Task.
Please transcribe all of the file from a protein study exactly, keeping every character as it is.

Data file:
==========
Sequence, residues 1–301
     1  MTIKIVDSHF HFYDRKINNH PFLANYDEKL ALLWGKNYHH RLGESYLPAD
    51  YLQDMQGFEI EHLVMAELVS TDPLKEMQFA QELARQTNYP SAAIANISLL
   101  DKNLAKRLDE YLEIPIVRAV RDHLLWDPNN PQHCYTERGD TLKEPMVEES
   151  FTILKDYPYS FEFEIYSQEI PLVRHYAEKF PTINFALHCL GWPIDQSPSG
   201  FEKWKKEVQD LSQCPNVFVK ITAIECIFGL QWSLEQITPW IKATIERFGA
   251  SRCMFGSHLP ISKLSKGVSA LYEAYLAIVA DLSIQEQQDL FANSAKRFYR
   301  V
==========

Sequence, residues 1–301
     1  MTIKIVDSHF HFYDRKINNH PFLANYDEKL ALLWGKNYHH RLGESYLPAD
    51  YLQDMQGFEI EHLVMAELVS TDPLKEMQFA QELARQTNYP SAAIANISLL
   101  DKNLAKRLDE YLEIPIVRAV RDHLLWDPNN PQHCYTERGD TLKEPMVEES
   151  FTILKDYPYS FEFEIYSQEI PLVRHYAEKF PTINFALHCL GWPIDQSPSG
   201  FEKWKKEVQD LSQCPNVFVK ITAIECIFGL QWSLEQITPW IKATIERFGA
   251  SRCMFGSHLP ISKLSKGVSA LYEAYLAIVA DLSIQEQQDL FANSAKRFYR
   301  V